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Olivia Umurerwa Rutazibwa

opposition to coloniality, even in the most ‘benign’ of research and policy areas, like international aid and humanitarianism. Coloniality can be understood as the perpetuation of colonial systems and technologies of domination into the present. As discussed by scholars such as Quijano, Grosfoguel, Dussel and Ndlovu-Gatsheni, the concept of decoloniality encourages systemic and historical analysis of the organised (re)production of injustice and mass human suffering. Formal colonialism (which arguably existed from 1492 to the 1960s) and transatlantic

Journal of Humanitarian Affairs
Amanda Alencar
Julia Camargo

. Gutiérrez-Rodríguez , E. ( 2010 ), Migration, Domestic Work and Affect: A Decolonial Approach on Value and the Feminization of Labor ( New York and London : Routledge ). Hackl , A. (ed.) and ILO ( 2021 ), Digital Refugee Livelihoods and Decent Work: Towards Inclusion in a Fairer Digital

Journal of Humanitarian Affairs
Megan Daigle
Sarah Martin
, and
Henri Myrttinen

. and Björkdahl , A. ( 2015 ), ‘ The “Field” in the Age of Intervention: Power, Legitimacy, and Authority Versus the “Local” ’, Millennium , 44 : 1 , 23 – 44 . Rutazibwa , O. U. ( 2019 ), ‘ What’s There to Mourn? Decolonial Reflections on (the End of

Journal of Humanitarian Affairs
Corporations, Celebrities and the Construction of the Entrepreneurial Refugee Woman
Annika Bergman Rosamond
Catia Gregoratti

beyond borders. Yet, UNHCR-endorsed corporate and celebrity humanitarians are located within immense privilege and power, as well as being immersed in the colonial, gendered and capitalist logics of humanitarianism, rather than being wedded to the transformation of the global order and decoloniality ( Bergman Rosamond, 2015 , 2016 ). Directly relevant is also the contention that humanitarian actors, many of whom are located within a neoliberal feminist logic

Journal of Humanitarian Affairs
Open Access (free)
Environmental justice and citizen science in a post-truth age
Editors: and

This book examines the relationship between environmental justice and citizen science, focusing on enduring issues and new challenges in a post-truth age. Debates over science, facts, and values have always been pivotal within environmental justice struggles. For decades, environmental justice activists have campaigned against the misuses of science, while at the same time engaging in community-led citizen science. However, post-truth politics has threatened science itself. This book makes the case for the importance of science, knowledge, and data that are produced by and for ordinary people living with environmental risks and hazards. The international, interdisciplinary contributions range from grassroots environmental justice struggles in American hog country and contaminated indigenous communities, to local environmental controversies in Spain and China, to questions about “knowledge justice,” citizenship, participation, and data in citizen science surrounding toxicity. The book features inspiring studies of community-based participatory environmental health and justice research; different ways of sensing, witnessing, and interpreting environmental injustice; political strategies for seeking environmental justice; and ways of expanding the concepts and forms of engagement of citizen science around the world. While the book will be of critical interest to specialists in social and environmental sciences, it will also be accessible to graduate and postgraduate audiences. More broadly, the book will appeal to members of the public interested in social justice issues, as well as community members who are thinking about participating in citizen science and activism. Toxic Truths includes distinguished contributing authors in the field of environmental justice, alongside cutting-edge research from emerging scholars and community activists.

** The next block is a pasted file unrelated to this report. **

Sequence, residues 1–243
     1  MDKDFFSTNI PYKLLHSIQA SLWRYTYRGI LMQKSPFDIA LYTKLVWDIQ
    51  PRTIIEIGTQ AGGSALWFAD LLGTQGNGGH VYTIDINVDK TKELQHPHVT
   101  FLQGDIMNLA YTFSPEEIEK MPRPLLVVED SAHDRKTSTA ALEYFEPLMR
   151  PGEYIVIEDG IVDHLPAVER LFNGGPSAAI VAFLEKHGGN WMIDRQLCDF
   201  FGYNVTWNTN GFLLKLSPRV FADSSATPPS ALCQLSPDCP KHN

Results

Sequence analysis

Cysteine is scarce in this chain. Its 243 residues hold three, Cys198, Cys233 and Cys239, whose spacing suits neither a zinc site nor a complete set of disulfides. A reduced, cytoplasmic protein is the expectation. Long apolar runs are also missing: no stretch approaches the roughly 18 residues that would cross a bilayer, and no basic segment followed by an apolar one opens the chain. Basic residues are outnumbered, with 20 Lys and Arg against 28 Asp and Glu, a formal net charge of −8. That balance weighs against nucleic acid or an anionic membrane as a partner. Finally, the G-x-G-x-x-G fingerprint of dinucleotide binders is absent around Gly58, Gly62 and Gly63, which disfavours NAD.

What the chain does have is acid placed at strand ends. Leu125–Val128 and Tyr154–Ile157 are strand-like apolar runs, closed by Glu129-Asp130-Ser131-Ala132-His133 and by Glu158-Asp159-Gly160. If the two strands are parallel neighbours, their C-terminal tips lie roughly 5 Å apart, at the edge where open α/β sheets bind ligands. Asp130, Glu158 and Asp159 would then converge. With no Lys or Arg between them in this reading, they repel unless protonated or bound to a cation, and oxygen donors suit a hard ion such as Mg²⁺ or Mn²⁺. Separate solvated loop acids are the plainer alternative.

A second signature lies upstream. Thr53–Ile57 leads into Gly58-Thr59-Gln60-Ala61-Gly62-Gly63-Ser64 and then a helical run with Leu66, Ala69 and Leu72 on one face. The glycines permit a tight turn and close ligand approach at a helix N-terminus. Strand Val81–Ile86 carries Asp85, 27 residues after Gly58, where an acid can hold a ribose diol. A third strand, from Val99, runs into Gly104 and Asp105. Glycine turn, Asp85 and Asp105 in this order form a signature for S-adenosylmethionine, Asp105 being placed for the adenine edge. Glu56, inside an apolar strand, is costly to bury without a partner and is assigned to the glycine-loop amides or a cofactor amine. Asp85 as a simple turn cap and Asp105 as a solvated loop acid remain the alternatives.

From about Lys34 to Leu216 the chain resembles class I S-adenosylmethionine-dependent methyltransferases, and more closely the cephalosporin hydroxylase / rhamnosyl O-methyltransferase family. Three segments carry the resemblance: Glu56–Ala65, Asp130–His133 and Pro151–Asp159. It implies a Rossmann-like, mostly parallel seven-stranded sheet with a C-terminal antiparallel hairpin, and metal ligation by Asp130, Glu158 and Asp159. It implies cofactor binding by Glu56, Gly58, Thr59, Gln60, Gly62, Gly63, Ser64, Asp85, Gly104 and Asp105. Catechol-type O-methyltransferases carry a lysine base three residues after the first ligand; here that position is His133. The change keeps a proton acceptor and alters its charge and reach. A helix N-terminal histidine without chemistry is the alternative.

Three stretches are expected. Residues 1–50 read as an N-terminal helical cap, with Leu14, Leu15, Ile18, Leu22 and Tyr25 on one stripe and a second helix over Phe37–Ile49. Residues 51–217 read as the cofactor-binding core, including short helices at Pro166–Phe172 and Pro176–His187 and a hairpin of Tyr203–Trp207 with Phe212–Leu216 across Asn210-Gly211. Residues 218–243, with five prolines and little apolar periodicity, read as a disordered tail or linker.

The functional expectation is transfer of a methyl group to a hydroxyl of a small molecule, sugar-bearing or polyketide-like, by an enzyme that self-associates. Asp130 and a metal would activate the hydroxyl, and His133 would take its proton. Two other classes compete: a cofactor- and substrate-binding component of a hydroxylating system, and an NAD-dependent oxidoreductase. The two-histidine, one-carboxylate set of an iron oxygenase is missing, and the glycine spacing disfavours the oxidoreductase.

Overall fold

Open Access (free)
Tackling environmental injustice in a post-truth age
Thom Davies
Alice Mah

, D. 2010. Climate justice and historical emissions. Critical Review of International Social and Political Philosophy, 13(1), 229–253. Murphy, M. 2017. Alterlife and decolonial chemical relations. Cultural Anthropology, 32(4), 494–503. Nixon, R. 2011. Slow Violence and the Environmentalism of the Poor. London: Harvard University Press. Nussbaum, M. C. 2011. Creating Capabilities: The Human Development Approach. London: Harvard University Press. DAVIES & MAH 9781526137029 PRINT.indd 24 08/06/2020 15:32 Introduction 25 Ottinger, G. 2017. Making sense of citizen

in Toxic truths
Robbie Shilliam

Fanon's decolonial episteme falls short. For Fanon is surprisingly receptive to the ‘fatal impact’ thesis of colonial lore, which proposes that no indigenous culture can survive the colonial encounter (Moorhead 1987 ). While often mobilized as a narrative frame for South Pacific colonial histories, I would argue that this thesis is clearly evident in assessments of the fatal

in Recognition and Global Politics
Annika Lindberg

), and by the political attacks on ‘activist researchers’ within the fields of migration studies, gender studies, and critical race theory, and scholars working with abolitionist and decolonial approaches in Denmark and in Sweden (see Danbolt and Myong, 2018; Schmidt, 2021; Suárez-Krabbe, 2022).

in Deportation limbo